The American Animal Hospital Association (AAHA) recently made a requirement that all of its member hospitals only perform dental cleanings under general anesthesia with an endotracheal tube in place, AAHA Dental Guidelines. This decision has come under fire from groups who perform dental cleanings without anesthesia. Fairly, we should look at each side’s concerns.
The groups who perform dental cleanings without general anesthesia argue that their trained staff can safely and completely clean the teeth without general anesthesia. They also correctly state that there is an inherent risk whenever general anesthesia is performed. Some of these groups only recommend non-anesthetic dental cleanings (NADs) in between complete cleanings under general anesthesia as preventative maintenance. Some believe general anesthesia is only required if there is a need for extractions or other involved treatments.
Those who believe general anesthesia is required state that scaling of all the teeth surfaces and cleaning below the gum line is not possible when a patient is awake. Additionally complete diagnostics including periodontal probing and dental x-rays cannot be adequately performed in an awake patient. One group taking this stance is the American Veterinary Dental College, who are the only group of veterinary dental specialists recognized by the American Veterinary Medical Association. The College’s position can be found here, Dental Scaling Without Anesthesia.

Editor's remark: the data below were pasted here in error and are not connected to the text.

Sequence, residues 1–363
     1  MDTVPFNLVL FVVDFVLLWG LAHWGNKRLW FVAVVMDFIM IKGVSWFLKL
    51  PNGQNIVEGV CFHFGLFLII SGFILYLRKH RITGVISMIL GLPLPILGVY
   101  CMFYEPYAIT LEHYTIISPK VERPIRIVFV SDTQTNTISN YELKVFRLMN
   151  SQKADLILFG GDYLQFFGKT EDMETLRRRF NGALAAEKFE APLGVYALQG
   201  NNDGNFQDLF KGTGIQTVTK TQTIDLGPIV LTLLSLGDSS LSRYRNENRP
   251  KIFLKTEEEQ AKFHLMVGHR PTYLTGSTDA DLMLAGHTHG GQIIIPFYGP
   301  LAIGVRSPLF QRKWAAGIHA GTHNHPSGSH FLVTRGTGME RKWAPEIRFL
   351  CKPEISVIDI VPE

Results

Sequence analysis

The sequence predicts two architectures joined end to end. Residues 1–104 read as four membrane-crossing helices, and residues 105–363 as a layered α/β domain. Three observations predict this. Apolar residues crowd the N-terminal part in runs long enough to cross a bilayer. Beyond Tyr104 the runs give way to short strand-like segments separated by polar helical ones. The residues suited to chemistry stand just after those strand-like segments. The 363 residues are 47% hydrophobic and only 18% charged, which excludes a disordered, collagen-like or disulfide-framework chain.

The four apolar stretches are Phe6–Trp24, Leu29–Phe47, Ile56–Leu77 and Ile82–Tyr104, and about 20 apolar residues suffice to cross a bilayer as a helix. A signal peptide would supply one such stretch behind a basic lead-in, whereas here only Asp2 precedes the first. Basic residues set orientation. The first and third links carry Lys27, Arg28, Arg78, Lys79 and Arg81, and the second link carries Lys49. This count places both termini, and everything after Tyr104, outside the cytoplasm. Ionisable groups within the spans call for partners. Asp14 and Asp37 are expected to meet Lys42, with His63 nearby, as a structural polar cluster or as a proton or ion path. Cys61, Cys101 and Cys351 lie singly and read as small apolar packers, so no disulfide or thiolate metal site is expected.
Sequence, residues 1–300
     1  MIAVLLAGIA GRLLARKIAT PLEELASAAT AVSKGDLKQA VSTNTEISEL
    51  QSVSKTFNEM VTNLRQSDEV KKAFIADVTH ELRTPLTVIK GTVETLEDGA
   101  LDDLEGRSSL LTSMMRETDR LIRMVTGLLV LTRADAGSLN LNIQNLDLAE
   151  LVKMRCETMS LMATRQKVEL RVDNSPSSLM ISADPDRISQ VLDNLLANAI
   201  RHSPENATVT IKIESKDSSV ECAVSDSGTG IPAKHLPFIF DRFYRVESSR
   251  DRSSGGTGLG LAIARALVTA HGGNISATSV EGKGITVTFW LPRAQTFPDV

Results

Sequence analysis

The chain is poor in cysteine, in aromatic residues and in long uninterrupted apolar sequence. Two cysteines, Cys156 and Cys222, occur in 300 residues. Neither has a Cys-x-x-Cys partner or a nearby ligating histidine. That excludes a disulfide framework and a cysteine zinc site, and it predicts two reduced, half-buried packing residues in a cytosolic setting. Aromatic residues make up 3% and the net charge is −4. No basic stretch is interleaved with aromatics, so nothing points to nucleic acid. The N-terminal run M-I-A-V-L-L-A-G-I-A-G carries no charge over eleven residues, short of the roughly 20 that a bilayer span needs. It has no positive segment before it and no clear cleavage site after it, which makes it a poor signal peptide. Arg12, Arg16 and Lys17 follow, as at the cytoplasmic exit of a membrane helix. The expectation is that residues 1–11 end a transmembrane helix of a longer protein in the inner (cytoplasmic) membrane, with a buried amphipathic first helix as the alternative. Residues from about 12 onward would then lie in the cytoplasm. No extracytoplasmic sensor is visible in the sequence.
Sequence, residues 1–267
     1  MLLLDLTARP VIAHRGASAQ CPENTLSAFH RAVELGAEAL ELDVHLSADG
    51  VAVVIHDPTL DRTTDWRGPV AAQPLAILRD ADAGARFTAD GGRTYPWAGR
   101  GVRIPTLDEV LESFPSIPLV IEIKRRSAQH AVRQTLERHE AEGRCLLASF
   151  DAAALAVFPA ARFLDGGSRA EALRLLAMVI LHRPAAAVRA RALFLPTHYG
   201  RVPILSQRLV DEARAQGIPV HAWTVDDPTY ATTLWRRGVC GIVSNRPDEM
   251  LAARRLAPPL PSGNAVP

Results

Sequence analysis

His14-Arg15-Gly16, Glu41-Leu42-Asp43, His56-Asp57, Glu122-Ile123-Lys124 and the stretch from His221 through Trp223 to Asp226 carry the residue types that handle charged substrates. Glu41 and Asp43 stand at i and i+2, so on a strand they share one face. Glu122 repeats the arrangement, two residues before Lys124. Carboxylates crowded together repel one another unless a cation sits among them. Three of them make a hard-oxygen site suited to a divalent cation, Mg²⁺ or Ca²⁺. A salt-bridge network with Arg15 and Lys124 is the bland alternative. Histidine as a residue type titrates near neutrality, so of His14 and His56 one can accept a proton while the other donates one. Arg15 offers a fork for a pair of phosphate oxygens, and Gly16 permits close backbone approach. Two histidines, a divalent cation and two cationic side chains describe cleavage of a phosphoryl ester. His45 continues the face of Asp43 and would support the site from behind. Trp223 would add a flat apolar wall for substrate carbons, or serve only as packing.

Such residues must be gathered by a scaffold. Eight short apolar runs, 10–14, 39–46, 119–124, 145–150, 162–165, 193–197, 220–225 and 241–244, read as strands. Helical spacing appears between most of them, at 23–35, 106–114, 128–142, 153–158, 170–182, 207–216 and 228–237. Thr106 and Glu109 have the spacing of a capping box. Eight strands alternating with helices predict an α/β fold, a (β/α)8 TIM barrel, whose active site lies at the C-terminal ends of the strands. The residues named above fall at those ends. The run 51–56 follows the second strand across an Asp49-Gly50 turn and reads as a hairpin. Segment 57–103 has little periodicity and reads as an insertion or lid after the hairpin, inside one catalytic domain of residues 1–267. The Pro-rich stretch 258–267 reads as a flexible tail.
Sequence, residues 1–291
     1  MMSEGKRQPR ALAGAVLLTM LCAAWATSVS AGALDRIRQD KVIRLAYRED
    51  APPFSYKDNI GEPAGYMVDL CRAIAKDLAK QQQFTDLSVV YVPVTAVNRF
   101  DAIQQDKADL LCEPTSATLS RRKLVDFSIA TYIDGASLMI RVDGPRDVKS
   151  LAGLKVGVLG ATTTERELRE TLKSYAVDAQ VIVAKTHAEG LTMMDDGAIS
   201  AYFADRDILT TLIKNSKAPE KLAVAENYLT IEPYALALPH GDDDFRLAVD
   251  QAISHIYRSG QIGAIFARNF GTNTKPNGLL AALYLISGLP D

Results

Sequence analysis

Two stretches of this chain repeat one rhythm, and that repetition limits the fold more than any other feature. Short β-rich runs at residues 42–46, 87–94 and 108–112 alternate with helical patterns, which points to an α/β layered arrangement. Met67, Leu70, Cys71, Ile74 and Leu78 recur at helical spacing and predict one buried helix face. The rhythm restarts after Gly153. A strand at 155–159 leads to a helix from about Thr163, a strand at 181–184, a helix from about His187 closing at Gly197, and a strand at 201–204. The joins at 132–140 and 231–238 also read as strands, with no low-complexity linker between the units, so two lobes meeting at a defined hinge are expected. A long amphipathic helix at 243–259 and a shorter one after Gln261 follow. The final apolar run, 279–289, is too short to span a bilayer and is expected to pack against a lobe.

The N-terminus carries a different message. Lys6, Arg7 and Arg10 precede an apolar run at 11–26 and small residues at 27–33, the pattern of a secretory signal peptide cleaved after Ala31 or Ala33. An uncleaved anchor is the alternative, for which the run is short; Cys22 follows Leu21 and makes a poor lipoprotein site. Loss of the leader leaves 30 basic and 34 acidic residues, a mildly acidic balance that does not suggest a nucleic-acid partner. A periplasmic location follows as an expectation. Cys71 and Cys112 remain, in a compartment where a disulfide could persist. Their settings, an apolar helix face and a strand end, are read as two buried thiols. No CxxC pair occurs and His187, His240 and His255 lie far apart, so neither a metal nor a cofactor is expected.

I believe that some of the groups supporting NAD do have the pet’s best intention in mind. Their thought is that the risk of an adverse reaction under general anesthesia is too high to justify an anesthetized cleaning. I agree that if general anesthesia is not properly performed, the risk of a problem occurring is high. However if the right precautions are made, the risk of an event under general anesthesia is minuscule in a healthy pet.
Adequate dental care can not be provided on an awake patient in the vast majority of cases. Most of the patients I see have some degree of gum recession and bone loss which requires more than simple scaling and polishing. As well, a number of patients I see who have had a recent anesthetized dental cleaning have large amounts of dental tartar left behind. If dental tartar is left behind in some anesthetized patients, how can it be completely removed in an awake, uncooperative patient?
In conclusion, adequate dental scaling and polishing does require balanced and monitored general anesthesia. It is my opinion that cleaning teeth without general anesthesia is simply cosmetic and not therapeutic. It is a disservice to the pet and client.